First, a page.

We left Sumatra under cloudy skies and traveled through Jakarta onto to Surabaya for a 3-day visit with the students of Surabaya International School. Leslie Baker, the vivacious librarian from SIS, scooped us up at the airport and ushered us into the Hotel Majapahit. As you can see from the photos, this is a place where we will revel in the architecture, history and food. More soon. 

ImageImageHotel Majapahit


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Word graveyards and flat tires

ImageToday we wrestled, we massaged, we hoed, we tweaked, we nipped and tucked. We became word warriors and sentence defoggers and paragraph clarifiers. We took on the job of word undertakers hauling tied and used words to the Word Graveyard. 


R.I.P. “move” “go” “stuff” “nice” “epic” “awesome” and most of all, “went.”


We transformed pre-school into a wild zoo, as we howled like wolves, hooted like owls, screamed like monkeys, and hissed like snakes. The teachers loved it, but the kids gloried in it. 


Second and third graders pounced all over my writing assignment to load up their writing with details. And, as one student declared, when I asked what a detail is, “You zoom into the small parts.” 


Fourth grade through eighth grade accepted my mission: Mission Verb Hunt. They kicked those weak verbs to the side of the road. Go became scramble and went became trundle. 


Tomorrow at the Farewell Assembly, we’ll celebrate with a reading of some the student’s  writing efforts. It’s gonna be awesome…I mean, magnificent! Will share a few sample of our work in a future post.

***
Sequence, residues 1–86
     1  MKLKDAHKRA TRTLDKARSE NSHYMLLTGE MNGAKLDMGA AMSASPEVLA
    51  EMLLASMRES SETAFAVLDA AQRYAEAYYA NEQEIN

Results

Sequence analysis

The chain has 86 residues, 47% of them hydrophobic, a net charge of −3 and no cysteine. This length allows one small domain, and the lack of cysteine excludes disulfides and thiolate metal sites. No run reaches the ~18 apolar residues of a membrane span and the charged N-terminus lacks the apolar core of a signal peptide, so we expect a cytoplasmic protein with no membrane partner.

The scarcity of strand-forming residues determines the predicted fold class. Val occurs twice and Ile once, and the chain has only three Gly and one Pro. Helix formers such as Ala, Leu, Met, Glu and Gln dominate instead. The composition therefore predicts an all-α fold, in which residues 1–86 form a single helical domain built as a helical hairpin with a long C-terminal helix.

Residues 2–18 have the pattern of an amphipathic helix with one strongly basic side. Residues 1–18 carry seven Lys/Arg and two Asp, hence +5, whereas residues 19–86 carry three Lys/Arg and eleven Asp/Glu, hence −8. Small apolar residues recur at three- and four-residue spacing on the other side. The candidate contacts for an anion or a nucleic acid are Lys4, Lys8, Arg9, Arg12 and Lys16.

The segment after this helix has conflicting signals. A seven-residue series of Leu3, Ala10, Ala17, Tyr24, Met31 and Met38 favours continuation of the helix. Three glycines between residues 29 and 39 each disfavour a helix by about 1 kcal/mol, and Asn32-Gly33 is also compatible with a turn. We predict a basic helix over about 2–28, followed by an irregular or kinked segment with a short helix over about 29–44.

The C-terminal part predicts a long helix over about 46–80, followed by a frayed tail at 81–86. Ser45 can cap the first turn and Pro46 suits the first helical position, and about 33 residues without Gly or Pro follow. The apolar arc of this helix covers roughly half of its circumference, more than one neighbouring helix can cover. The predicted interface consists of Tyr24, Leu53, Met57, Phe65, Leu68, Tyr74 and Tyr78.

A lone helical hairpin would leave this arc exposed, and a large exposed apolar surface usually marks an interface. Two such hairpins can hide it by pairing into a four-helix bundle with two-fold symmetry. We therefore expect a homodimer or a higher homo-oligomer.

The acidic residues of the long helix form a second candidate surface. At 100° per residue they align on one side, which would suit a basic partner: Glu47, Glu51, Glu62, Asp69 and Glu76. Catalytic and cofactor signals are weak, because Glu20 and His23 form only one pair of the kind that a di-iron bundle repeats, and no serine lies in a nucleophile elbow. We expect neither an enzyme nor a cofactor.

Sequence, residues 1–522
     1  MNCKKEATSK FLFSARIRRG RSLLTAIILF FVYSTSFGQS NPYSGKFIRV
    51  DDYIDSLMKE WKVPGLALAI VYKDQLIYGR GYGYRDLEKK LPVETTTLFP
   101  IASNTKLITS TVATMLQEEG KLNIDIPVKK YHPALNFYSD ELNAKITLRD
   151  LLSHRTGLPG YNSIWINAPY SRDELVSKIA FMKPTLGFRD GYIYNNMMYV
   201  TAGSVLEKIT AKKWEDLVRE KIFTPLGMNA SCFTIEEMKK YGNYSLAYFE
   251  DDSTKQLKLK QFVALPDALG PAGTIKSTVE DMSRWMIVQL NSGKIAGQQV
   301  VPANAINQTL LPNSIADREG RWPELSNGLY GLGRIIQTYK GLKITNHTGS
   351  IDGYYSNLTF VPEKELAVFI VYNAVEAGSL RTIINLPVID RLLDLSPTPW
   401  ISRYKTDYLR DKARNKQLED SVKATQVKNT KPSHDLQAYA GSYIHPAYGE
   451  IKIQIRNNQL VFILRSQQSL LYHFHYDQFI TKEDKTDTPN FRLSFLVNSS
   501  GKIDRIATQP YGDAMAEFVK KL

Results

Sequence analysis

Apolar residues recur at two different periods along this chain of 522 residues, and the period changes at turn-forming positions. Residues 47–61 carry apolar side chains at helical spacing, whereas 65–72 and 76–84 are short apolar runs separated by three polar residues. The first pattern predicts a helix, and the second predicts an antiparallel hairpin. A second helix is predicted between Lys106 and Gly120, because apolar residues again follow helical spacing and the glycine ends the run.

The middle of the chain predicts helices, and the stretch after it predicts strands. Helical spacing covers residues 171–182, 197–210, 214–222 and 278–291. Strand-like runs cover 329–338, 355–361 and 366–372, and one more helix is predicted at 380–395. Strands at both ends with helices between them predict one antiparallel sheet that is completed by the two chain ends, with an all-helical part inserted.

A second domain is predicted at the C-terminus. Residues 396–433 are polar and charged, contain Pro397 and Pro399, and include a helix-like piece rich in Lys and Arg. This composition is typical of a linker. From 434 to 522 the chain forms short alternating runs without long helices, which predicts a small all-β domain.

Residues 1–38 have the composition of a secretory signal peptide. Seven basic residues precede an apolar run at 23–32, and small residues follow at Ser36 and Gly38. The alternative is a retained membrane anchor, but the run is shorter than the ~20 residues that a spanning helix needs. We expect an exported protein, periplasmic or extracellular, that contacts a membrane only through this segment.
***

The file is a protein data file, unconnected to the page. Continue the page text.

I can’t finish up this post without a mention of our after-school bike ride. Brian, the technology teacher, and his son, Rex, and Heather and I donned helmets and cycled out of the Chevron campus, and into the outskirts where village meets jungle. We were an hour out, making good time, mud-splattered, and searching the terrain for elephant tracks. Along a wide stretch of jungle road, my front tire blew out. Brian, our go-to guide and bike magician, tried desperately to repair the flat, but we were riding borrowed bikes and fixing wasn’t an option. We hobbled back to school, grabbing a lift from locals. After a shower and late dinner, we feel happy, tired and grateful for a comfortable place to lay down our tired bodies. Image

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Gibbon wake-up call

Gibbon wake-up call

We arrived in Sumatra two days ago and woke our first morning to the wild and bellowing call of the gibbon. I’ve woken to coyotes, owls, New York CIty taxi cabs, the Colorado River down at the bottom of the Grand Canyon, the haunting cry of sandhill cranes in Nebraska, but nothing prepared me for this in-your-face primate proclamation. I’ve learned these are territorial calls. No worries gibbons. This stretch of Sumatran jungle is all yours.